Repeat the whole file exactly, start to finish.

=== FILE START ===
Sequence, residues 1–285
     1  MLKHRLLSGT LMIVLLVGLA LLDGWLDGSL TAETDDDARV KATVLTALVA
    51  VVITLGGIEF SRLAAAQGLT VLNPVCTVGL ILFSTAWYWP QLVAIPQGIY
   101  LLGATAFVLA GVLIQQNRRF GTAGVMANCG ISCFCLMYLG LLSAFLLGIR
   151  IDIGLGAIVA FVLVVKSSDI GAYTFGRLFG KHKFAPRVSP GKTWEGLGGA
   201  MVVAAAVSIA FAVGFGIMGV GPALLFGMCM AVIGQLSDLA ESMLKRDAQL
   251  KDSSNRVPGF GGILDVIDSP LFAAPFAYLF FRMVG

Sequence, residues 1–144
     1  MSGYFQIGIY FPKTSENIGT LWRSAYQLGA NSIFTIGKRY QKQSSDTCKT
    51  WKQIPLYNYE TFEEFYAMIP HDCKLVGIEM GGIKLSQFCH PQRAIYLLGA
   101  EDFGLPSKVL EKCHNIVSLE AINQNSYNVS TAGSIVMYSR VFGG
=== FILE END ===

Sequence, residues 1–285
     1  MLKHRLLSGT LMIVLLVGLA LLDGWLDGSL TAETDDDARV KATVLTALVA
    51  VVITLGGIEF SRLAAAQGLT VLNPVCTVGL ILFSTAWYWP QLVAIPQGIY
   101  LLGATAFVLA GVLIQQNRRF GTAGVMANCG ISCFCLMYLG LLSAFLLGIR
   151  IDIGLGAIVA FVLVVKSSDI GAYTFGRLFG KHKFAPRVSP GKTWEGLGGA
   201  MVVAAAVSIA FAVGFGIMGV GPALLFGMCM AVIGQLSDLA ESMLKRDAQL
   251  KDSSNRVPGF GGILDVIDSP LFAAPFAYLF FRMVG

Sequence, residues 1–144
     1  MSGYFQIGIY FPKTSENIGT LWRSAYQLGA NSIFTIGKRY QKQSSDTCKT
    51  WKQIPLYNYE TFEEFYAMIP HDCKLVGIEM GGIKLSQFCH PQRAIYLLGA
   101  EDFGLPSKVL EKCHNIVSLE AINQNSYNVS TAGSIVMYSR VFGG